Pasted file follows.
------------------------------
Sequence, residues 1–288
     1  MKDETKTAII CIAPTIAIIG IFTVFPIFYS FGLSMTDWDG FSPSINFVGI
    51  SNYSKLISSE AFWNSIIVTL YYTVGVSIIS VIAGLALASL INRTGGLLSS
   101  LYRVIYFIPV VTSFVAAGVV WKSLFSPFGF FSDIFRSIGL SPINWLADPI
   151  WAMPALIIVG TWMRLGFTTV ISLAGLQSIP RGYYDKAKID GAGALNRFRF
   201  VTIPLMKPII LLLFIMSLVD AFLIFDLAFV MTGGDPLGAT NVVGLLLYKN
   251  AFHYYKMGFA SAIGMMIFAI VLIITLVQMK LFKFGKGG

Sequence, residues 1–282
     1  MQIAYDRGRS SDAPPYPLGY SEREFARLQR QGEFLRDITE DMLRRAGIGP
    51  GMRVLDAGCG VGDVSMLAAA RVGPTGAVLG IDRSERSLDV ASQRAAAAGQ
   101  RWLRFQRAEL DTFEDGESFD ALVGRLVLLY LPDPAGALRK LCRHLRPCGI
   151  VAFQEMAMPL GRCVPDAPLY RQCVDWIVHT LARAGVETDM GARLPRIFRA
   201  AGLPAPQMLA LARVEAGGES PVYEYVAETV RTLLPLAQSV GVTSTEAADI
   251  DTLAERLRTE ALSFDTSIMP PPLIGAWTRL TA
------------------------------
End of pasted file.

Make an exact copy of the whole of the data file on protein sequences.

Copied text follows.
Sequence, residues 1–288
     1  MKDETKTAII CIAPTIAIIG IFTVFPIFYS FGLSMTDWDG FSPSINFVGI
    51  SNYSKLISSE AFWNSIIVTL YYTVGVSIIS VIAGLALASL INRTGGLLSS
   101  LYRVIYFIPV VTSFVAAGVV WKSLFSPFGF FSDIFRSIGL SPINWLADPI
   151  WAMPALIIVG TWMRLGFTTV ISLAGLQSIP RGYYDKAKID GAGALNRFRF
   201  VTIPLMKPII LLLFIMSLVD AFLIFDLAFV MTGGDPLGAT NVVGLLLYKN
   251  AFHYYKMGFA SAIGMMIFAI VLIITLVQMK LFKFGKGG

Sequence, residues 1–282
     1  MQIAYDRGRS SDAPPYPLGY SEREFARLQR QGEFLRDITE DMLRRAGIGP
    51  GMRVLDAGCG VGDVSMLAAA RVGPTGAVLG IDRSERSLDV ASQRAAAAGQ
   101  RWLRFQRAEL DTFEDGESFD ALVGRLVLLY LPDPAGALRK LCRHLRPCGI
   151  VAFQEMAMPL GRCVPDAPLY RQCVDWIVHT LARAGVETDM GARLPRIFRA
   201  AGLPAPQMLA LARVEAGGES PVYEYVAETV RTLLPLAQSV GVTSTEAADI
   251  DTLAERLRTE ALSFDTSIMP PPLIGAWTRL TA